Two Boys

We are called for an unconscious and find the man out cold on his feet near Pope Park.  He is a tall man in his early thirties with a ghost white complexion, standing there on the side of the road, his head nodded forward, arms hanging down swaying.  Another drug user on the nod in Hartford.  I shake him and he opens his eyes and says he is fine, but then he drifts back out.  My partner wheels the stretcher over and we gently push him down onto it.  He wakes enough to again, say he is fine, but he drops back out.  In the ambulance, I check his ETCO2 and his pulse saturation.  The numbers are 66 and 90.  I can stimulate him and the numbers come up a little, but if I leave him alone, he doesn’t breathe well enough on his own.  I put in an IV, which he doesn’t feel.  I take a 10 cc syringe, squirt out one cc, then add 1 cc of Naloxone to the syringe.  I slowly give him one cc of the mixture, delivered 0.1 mgs of Naloxone, a tiny dose.  When he doesn’t respond, I give him another 0.1 mg dose, and soon he is talking to me.  He doesn’t even know I have given Naloxone to him.

“I don’t need to go to the hospital,” he says.  “What time is it?   I have to get back to work or I’m going to lose my job.  I‘m on my lunch break.”

It is three-thirty in the afternoon.  I ask him where he works and he says he is a house painter.  He asks where we picked him up, and after I tell him, he tells me he is painting a house a few blocks from there.

I tell him the doctors will look at him at the hospital, and after, watching him for an hour, will let him go.

“Dude, I can’t wait that long,” he says, “I’ll lose my job.”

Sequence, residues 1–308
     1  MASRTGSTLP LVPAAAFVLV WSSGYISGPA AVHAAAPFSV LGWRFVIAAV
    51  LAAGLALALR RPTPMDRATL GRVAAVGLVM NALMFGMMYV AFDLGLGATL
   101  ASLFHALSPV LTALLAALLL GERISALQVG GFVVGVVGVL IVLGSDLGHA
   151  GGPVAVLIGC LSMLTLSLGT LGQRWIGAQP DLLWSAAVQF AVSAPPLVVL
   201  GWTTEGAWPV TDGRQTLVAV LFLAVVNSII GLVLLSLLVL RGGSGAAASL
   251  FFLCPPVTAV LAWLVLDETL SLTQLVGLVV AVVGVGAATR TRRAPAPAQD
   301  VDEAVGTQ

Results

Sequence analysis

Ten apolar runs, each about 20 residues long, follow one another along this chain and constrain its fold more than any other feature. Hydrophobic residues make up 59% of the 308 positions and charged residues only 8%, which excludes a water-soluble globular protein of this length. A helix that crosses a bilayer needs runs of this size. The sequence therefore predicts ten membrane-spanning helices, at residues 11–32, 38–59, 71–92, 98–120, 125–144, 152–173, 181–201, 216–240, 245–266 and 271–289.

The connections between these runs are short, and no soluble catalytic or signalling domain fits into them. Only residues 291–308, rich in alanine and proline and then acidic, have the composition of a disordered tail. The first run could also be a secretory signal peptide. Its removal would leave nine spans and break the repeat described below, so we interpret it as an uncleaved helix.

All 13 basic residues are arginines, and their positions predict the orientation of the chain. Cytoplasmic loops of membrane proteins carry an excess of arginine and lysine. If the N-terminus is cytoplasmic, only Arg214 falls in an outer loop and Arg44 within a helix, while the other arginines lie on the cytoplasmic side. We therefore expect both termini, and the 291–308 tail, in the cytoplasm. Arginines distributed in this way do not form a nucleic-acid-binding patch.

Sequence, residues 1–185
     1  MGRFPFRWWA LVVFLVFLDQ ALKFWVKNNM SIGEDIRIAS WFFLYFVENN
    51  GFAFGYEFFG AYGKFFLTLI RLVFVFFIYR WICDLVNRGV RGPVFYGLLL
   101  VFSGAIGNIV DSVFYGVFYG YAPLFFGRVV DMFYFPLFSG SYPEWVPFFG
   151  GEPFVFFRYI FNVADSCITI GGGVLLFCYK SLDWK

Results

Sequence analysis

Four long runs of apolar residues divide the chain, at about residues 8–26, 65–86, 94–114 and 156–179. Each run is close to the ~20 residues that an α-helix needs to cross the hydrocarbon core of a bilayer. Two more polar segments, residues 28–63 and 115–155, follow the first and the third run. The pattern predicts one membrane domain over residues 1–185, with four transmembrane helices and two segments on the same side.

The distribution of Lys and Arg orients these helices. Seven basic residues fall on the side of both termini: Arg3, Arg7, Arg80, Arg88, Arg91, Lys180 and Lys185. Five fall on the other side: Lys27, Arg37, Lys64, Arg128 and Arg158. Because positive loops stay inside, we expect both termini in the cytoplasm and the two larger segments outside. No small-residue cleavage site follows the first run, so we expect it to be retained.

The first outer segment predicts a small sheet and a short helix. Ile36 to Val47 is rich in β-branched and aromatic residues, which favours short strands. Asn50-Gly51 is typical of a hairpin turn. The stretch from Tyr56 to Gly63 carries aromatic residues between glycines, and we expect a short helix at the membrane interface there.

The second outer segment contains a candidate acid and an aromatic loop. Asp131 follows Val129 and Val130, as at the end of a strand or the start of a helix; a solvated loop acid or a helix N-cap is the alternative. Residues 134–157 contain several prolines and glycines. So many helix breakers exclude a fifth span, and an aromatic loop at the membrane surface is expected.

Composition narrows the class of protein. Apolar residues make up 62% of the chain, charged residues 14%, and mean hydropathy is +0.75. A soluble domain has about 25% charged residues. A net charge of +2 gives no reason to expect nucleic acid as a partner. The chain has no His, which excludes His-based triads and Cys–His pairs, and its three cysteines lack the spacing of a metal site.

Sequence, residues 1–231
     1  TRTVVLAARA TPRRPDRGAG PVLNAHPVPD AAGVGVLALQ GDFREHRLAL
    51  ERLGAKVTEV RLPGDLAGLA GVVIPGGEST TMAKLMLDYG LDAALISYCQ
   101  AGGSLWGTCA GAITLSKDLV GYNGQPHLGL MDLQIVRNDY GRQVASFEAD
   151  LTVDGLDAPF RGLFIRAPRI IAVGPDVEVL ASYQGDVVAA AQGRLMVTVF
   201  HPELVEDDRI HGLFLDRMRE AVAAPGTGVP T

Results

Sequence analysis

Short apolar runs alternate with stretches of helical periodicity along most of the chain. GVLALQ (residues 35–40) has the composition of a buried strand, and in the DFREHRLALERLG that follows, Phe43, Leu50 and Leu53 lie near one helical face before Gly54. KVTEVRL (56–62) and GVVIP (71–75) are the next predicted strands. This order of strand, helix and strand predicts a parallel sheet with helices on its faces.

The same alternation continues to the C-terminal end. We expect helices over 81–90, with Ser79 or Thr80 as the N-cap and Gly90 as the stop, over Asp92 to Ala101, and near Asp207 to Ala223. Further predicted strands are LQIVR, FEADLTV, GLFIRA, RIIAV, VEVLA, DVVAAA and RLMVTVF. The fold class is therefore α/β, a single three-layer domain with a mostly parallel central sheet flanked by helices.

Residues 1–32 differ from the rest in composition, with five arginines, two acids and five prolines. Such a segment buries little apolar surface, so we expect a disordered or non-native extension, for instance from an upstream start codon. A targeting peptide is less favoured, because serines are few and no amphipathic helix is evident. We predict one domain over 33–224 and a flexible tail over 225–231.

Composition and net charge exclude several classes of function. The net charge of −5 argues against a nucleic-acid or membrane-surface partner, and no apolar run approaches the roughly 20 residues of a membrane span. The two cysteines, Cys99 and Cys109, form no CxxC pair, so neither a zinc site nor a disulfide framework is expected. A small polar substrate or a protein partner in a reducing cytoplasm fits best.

I feel for him, but we had to take him in.

His name is Keith and he lives in an upscale suburb of Hartford.  The street is familiar to me.  I did an overdose there maybe a year before. I remember the mother sobbing at the sight of her son on the bathroom floor, even though we were easily able to revive him.  I sensed she was at her breaking point.  He had already been through rehab four times.

“You didn’t give me Narcan, did you?” Keith asks.

“Yes, I did,” I say.  “Just a little, enough to keep you breathing without me having to shake you every minute.”

“Fuck, I’m going to lose my job.”

“You have to be careful if you are going to use,” I say.

“I only did a half a bag.  I just haven’t used.  I got out of a program last week.”

“Your tolerance is down.  If you are going to use no matter what have someone there with you.  Have Narcan around.  Do you have it at home?”

He nods. 

“Who do you live with?”

“My Dad took me back in.”

“Does he know how to use it?”

“Yeah.”

“You have to be careful with the fentanyl around.”

“I know my friend Marty died a month ago.”

The name rings a bell with me.  “What was his name?

“Marty Harris.”

“I took care of him before,” I say.  “That was a year ago.”  Marty was the young man I remembered.  The news of his death, even though I barely knew him shocks and saddens me.  Marty and Keith were the same age

 “He got out of jail after nine months and he oded and died.”

“I’m sorry.”

“Man, I’m going to lose my job.”

Once we get to the hospital, he gets even more anxious, and he ends up pulling his IV out.  I try to get a nurse to come over.  I give the heads up that he wants to leave.  The nurse says he’ll get a doctor to look at him.  The doctor comes over and the doctor and Keith end up in a shouting match.  The doctor tells Keith he obviously doesn’t care about his own life because he is doing drugs that may kill him.  The young man tells the doctor to fuck off and walks out, swearing that he is going to lose his job and he has to walk all the way back to the job site.

 

That night I google his friend Marty’s name and add obituary and the name of the town to the search.  And there he is – a picture of the other young man.  There is nothing in the obituary that mentions drugs.  It just says he died too soon and what a kind heart he had.  He was a high school swimmer, an avid soccer fan and an accomplished cook.  He liked to camp with his family in the Adirondacks.  There is a long list of family members he left behind.  I read the comments.  One poster says how he remembered him so fondly as a little boy playing in the neighborhood.  There are even pictures of him when he had to be about five.  One shows him with another young boy, and I wonder if it is the man who I transported today.

Another poster writes:   “He is no longer in pain.”

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